CTPH

 

UGANDAN CONSERVATIONIST VISITS CAMPUS, PRAISES STUDENTS

Nov 26, 2007
Author: Anthony Adornato, Colgate University

Working out of an office inside Colgate University's Ho Science Center, a group of students is having an impact on a community more than 7,000 miles away - in Uganda, Africa.

The undergraduates are part of a unique venture between Colgate and Conservation Through Public Health (CTPH), an Africa-based nongovernmental organization focused on environmental conservation and public health in a remote region of Uganda.

Since the office at Colgate is CTPH's only North American location, the students play a critical role, said the organization's Founder and CEO, Dr. Gladys Kalema-Zikusoka.

Dr. Kalema-Zikusoka, from Uganda, visited Colgate last week to recognize the efforts.

"We're very fortunate to have this relationship with Colgate. The students are responsive to our needs. They show a unique interest in helping the people and animals in Uganda, and because of that they're having a great impact in Africa," said Dr. Kalema-Zikusoka, as she toured the university.

During her visit, she met with Kyla Dzwilewksi '08, a student who's been looking over surveys conducted by CTPH in Uganda. Dzwilewski's analyzing data to determine how best to educate Ugandans about tuberculosis.

"This is a perfect way to have a real world impact. It's an honor to work with an organization such as CTPH and collaborate with the founder," said Dzwilewski.
Why Colgate?

The partnership grew out of a meeting in 2003 between geography professor Ellen Kraly and Dr. Kalema-Zikusoka.

"When Dr. Kalema-Zikusoka visited my medical geography class, I witnessed the receptivity of Colgate students to the mission and programs of CTPH. It was a magical moment," said Kraly.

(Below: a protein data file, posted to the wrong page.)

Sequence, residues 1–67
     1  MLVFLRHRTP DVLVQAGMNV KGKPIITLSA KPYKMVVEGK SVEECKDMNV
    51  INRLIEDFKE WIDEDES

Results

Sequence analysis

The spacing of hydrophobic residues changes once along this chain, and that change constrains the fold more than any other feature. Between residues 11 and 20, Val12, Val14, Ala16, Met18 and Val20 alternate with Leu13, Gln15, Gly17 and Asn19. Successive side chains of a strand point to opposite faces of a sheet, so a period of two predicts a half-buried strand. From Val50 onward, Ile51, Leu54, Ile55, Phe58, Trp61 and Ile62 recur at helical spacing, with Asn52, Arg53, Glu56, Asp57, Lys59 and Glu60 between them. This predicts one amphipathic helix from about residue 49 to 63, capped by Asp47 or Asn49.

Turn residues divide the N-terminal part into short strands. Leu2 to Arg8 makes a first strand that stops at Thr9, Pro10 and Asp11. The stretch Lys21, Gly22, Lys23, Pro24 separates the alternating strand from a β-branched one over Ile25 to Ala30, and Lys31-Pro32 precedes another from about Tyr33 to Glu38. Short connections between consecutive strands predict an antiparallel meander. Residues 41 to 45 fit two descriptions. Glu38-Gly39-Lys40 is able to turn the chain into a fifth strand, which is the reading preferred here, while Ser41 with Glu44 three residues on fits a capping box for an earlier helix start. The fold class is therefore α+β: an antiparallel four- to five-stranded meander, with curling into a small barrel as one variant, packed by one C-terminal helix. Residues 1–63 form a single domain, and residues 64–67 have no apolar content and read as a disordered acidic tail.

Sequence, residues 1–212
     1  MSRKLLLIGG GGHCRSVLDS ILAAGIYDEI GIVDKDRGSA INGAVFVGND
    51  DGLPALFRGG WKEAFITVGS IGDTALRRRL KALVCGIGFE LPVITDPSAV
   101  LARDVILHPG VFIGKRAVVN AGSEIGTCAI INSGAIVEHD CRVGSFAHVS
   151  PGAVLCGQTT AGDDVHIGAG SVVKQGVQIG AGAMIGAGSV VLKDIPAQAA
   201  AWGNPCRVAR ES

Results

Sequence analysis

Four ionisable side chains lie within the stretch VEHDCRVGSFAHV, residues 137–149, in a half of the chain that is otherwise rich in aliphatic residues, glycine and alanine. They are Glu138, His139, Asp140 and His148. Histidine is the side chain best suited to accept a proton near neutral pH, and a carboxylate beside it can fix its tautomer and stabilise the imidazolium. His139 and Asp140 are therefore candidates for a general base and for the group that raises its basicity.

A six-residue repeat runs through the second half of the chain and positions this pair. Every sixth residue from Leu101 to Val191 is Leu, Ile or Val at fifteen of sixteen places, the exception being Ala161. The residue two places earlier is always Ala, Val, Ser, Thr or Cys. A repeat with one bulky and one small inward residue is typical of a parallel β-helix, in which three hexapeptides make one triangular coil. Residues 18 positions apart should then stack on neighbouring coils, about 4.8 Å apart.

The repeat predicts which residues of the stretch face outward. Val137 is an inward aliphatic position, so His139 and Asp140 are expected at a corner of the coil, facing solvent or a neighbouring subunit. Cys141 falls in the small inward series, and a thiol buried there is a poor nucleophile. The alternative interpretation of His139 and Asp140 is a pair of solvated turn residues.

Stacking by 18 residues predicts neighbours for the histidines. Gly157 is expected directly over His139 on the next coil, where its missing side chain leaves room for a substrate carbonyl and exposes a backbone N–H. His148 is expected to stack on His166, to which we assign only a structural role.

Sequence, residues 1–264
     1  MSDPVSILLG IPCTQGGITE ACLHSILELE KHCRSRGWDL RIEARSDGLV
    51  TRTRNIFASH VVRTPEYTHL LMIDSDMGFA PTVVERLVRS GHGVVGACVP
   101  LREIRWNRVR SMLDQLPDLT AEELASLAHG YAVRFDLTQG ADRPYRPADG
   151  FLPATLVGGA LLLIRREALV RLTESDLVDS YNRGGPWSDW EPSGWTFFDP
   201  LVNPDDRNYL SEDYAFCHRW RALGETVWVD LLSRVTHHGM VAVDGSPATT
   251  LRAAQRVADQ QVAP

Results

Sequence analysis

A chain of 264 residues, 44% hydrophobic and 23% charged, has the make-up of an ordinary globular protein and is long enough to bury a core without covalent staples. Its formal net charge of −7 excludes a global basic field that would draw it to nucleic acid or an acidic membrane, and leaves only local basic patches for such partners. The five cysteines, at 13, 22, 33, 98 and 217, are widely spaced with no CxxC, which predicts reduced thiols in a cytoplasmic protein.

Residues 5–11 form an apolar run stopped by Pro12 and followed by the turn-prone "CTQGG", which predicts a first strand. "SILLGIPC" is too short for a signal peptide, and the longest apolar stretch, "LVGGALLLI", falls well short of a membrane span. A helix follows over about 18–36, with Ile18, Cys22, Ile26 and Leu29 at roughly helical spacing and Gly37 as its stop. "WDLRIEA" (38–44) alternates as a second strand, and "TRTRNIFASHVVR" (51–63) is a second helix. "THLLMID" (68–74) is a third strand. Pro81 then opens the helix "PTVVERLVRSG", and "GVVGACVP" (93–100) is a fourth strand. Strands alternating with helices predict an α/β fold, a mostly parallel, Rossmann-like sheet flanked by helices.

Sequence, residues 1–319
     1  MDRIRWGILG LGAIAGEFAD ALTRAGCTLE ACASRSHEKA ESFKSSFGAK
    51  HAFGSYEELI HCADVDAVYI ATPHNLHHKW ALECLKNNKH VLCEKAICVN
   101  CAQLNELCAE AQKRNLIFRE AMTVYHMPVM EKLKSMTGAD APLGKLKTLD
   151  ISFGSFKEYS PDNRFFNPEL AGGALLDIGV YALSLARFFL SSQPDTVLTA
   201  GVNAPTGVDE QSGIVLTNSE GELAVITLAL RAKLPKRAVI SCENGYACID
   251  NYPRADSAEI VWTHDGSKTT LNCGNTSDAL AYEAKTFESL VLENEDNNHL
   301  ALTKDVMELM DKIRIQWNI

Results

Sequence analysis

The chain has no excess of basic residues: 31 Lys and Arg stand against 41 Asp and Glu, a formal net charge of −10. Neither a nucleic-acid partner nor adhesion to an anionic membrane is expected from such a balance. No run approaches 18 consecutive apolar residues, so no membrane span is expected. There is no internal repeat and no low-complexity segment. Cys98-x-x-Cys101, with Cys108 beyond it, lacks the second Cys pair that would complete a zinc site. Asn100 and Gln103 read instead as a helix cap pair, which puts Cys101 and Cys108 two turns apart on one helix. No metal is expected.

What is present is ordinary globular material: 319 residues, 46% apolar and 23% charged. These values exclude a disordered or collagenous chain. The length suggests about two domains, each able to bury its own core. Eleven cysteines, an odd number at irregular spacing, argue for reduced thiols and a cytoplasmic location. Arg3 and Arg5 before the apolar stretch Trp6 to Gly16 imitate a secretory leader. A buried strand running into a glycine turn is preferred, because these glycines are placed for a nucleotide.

Kraly was so intrigued by CTPH's mission that she visited the organization's main office in the southwest corner of Uganda.

She returned to Colgate with a desire to help the organization. Her vision is paying off as students and faculty build on this global partnership.

Last fall the Colgate environmental studies program contributed funds from a 0,000 Andrew W. Mellon Foundation grant to help set up the CTPH office on campus.

Along with public affairs, grant writing and administrative assistance, students are conducting research specifically for CTPH. Geography students work with Kraly to identify the relationships between human disease and gorilla groups in Uganda.

Meantime, undergraduates are also working with biology professor Frank Frey to test gorilla samples for parasites and markers of infectious disease.

Dzwilewski hopes to take her work one step further by studying in Uganda during her spring semester.

"I'm thrilled with the opportunity to have an impact beyond the classroom. I look forward to observing how my work at Colgate is paying off for those who need assistance the most," she said.

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